By J.D. Alt

Even the most progressive proponents of climate change mitigation frame their argument with the proposition that the “cost” of mitigation today is far less than what the “cost” of climate change will be down the road if we fail to act now. While it sounds compelling, this argument perpetrates a deep confusion about what “cost” means when applied to the idea of inventing, designing and building the carbon-neutral infrastructure and energy systems that climate mitigation will require. This confusion, in turn, makes it more difficult for the political process to make rational decisions.

To illustrate, we need look no further than the recent United Nations IPCC report which, for the first time, not only details the potential catastrophe of climate change by the end of this century, but projects a “cost” for preventing that catastrophe from unfolding. This “cost” is calculated as a percentage of annual global GDP.

Right off the bat, the confusion begins. In some reporting, the IPCC’s projected “cost” of climate mitigation is described as a .06% reduction in global GDP annually. Other analysis state that the “cost” will equal .06% of annual global GDP. Obviously, there’s a significant difference. Reducing GDP means the world will produce less goods and services, employing fewer people to do less stuff—a dire prediction given the current high levels of unemployment world-wide. Saying the “cost” will equal some percentage of global GDP, on the other hand, means that GDP won’t decline, but that some percentage of the goods and services produced by the GDP will be directed towards climate change mitigation. Some of the media explainers—Bloomberg News, for example (whom you’d expect to know better)—included both meanings in a single pair of sentences: Headline: “Climate Protection May Cut World GDP 4% by 2030, UN Says”—and the article’s opening line: “The cost of holding rising temperatures to safe levels may reach 4 percent of economic output by 2030, according to a draft United Nations report.”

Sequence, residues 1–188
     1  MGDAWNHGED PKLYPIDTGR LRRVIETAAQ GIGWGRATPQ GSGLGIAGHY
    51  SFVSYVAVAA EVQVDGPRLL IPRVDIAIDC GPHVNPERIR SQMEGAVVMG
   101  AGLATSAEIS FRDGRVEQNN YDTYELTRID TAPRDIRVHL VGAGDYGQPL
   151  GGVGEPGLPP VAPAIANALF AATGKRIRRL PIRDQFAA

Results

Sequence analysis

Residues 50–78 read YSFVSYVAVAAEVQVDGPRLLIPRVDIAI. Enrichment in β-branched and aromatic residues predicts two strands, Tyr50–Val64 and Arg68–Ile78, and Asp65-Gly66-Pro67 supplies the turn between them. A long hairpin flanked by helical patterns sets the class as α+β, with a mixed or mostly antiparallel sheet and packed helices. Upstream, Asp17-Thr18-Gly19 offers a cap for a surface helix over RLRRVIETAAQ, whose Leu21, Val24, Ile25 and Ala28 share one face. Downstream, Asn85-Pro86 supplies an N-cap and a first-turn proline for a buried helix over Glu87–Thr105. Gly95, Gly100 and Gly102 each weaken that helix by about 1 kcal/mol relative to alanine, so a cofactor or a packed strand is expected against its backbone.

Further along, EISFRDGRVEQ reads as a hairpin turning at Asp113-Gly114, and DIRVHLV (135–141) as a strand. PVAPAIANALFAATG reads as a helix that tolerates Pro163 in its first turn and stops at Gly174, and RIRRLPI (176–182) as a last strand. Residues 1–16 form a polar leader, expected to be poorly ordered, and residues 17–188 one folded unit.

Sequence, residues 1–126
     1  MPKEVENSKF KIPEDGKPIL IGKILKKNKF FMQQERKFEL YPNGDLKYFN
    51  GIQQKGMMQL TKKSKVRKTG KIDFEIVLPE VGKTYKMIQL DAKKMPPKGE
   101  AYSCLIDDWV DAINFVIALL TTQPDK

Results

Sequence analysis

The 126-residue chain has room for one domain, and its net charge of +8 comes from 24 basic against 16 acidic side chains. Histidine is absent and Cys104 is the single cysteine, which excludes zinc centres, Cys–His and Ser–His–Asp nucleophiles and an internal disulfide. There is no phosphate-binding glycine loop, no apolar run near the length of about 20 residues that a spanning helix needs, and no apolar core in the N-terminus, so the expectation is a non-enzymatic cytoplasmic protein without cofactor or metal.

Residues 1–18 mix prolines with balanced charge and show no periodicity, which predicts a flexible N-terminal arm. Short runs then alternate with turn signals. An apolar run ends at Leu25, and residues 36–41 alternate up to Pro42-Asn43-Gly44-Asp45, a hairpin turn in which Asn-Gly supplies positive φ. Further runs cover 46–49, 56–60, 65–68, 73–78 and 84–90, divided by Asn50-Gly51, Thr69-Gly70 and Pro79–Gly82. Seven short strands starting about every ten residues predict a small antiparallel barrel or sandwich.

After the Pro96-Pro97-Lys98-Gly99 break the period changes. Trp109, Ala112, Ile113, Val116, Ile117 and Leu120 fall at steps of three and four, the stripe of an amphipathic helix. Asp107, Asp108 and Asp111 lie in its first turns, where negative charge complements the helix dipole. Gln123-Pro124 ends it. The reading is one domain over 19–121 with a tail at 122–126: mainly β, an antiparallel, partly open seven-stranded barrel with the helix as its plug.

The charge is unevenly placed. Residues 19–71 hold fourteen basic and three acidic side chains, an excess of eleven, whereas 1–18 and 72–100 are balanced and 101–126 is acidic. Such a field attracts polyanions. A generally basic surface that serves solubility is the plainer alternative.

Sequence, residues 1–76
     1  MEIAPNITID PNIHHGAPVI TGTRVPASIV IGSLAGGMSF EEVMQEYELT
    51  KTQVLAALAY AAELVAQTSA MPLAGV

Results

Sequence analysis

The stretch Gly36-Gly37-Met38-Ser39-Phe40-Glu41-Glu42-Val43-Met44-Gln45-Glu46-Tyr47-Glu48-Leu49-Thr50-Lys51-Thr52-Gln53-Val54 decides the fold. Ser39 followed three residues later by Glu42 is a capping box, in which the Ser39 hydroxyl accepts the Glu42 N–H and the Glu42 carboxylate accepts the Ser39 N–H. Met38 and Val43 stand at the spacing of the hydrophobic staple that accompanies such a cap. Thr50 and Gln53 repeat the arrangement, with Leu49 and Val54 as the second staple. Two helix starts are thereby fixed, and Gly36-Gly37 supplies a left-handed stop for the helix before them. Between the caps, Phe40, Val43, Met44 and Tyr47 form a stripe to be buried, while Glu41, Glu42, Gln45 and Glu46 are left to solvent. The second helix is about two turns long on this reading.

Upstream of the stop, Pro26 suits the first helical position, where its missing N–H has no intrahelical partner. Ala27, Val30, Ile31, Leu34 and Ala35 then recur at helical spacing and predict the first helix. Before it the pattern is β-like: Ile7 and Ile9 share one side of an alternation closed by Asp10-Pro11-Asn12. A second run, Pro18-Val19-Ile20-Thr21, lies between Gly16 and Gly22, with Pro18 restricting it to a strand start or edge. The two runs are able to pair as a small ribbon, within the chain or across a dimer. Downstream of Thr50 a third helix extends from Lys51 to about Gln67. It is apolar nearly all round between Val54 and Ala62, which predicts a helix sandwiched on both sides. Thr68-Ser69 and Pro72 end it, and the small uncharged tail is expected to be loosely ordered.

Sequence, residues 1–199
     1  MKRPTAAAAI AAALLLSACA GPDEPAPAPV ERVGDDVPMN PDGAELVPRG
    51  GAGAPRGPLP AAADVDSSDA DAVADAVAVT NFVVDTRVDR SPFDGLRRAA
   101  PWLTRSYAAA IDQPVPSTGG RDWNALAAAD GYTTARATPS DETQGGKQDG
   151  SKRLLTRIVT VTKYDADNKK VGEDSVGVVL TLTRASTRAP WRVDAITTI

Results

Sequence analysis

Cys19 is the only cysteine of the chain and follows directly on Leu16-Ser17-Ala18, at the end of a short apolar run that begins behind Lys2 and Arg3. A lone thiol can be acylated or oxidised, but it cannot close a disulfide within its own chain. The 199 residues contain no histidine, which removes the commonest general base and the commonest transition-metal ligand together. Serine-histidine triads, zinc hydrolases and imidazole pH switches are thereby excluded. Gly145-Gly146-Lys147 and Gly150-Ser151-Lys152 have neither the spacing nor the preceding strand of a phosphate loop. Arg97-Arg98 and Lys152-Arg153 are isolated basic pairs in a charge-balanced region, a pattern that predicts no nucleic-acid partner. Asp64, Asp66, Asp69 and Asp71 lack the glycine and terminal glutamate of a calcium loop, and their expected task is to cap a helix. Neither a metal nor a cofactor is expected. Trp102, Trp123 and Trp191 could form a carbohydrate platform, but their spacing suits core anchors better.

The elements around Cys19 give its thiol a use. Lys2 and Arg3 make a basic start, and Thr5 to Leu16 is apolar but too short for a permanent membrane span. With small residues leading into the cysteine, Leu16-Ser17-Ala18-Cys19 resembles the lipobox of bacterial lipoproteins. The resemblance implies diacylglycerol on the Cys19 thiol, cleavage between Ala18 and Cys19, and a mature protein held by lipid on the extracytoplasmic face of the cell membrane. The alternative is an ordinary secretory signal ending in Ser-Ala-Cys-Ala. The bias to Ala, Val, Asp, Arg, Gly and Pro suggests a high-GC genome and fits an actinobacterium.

Confusion seems to reign even within the IPCC. A post on the website Real Climate, which is managed by climate scientists themselves, frames it this way: “The IPCC represents the costs (of climate change mitigation) as consumption losses as compared to a hypothetical ‘business-as-usual’ case.” But the IPCC report itself contains a summary chart showing global “Annual Investment Flows 2010-2029” increasing (according to my math, adding up the median projected global numbers) by a potential net gain of approximately $510 billion per year. So how can the “investment flow” increase by $510 billion annually while the world GDP decreases (consumption losses) by 4% between now and 2030?

But the confusion runs even deeper. Even if we accept the fact that the world will have to spend an additional $510 billion annually (instead of being forced to spend $510 billion less), we are led by semantic and political logic to believe we will be “losing” $510 billion every year as a global society. After all, that’s what “cost” means, right?—something you lose, something you no longer have because you’ve paid it out. So our minds resist. We don’t want to have to incur that $510 billion “cost”. We’d rather save the money and take our chances that maybe all these IPCC predictions will prove to be wrong, or that our kids, when they grow up, will figure out a great way to make everything okay again.